The top-selling debut album covers from rock’s first half century share an obvious commonality of design in that every one looks…well… cheap. You see, record companies in their plantation model business relationships have always charged back the costs of photography, artwork, and graphic design for album covers to the recording artist, so a first-time singer or band has no economic incentive to, in essence, borrow money to splurge on their album cover. This indentured servitude was applied equally to all, including this week’s guest Mick Jones, then a veteran of British minor bluesrockers Spooky Tooth, when Jones signed his new band Foreigner for their initial foray in March 1977. Atlantic Records showed their support and confidence in Jones’ new outfit by letting what appeared to be a middle schooler with a big box of crayons do the cover art.
Long after the ensuing release containing such big hits as “Feels Like the First Time” and “Cold As Ice” became the fastest-selling debut album in Atlantic’s long storied history, the remastered music has continued to be wrapped in that original artistic austerity. Now fans have even taken to employing the latest computer re-tinting in an attempt to enhance the original Foreigner cover, but you know the old adage regarding a silk purse from a sow’s ear: in this case, it’s just lipstick on a pig.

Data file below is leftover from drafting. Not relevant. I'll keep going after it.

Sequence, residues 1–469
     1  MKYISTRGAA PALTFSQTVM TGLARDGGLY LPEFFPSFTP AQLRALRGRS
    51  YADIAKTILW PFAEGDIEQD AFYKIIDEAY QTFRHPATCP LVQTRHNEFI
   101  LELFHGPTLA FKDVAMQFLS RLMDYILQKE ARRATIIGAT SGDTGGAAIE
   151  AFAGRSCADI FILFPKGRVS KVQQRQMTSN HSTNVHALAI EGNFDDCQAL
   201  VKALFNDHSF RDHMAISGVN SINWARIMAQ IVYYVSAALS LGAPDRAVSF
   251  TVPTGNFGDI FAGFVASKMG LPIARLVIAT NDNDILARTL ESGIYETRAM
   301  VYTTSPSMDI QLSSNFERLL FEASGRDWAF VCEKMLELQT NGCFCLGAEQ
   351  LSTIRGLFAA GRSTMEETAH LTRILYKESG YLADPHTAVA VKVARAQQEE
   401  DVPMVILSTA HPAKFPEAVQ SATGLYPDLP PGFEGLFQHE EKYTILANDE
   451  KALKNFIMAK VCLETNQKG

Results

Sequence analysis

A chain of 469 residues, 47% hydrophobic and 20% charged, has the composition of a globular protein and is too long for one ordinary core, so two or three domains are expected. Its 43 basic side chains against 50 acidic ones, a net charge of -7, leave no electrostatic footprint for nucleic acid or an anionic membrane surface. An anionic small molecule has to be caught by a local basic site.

But then again, looking at the covers of other top-selling debuts from Boston, Led Zeppelin, The Band, Men At Work, and Hootie and the Blowfish, there is indeed a sense of innocence and humility in all of them that can never be recaptured. –Redbeard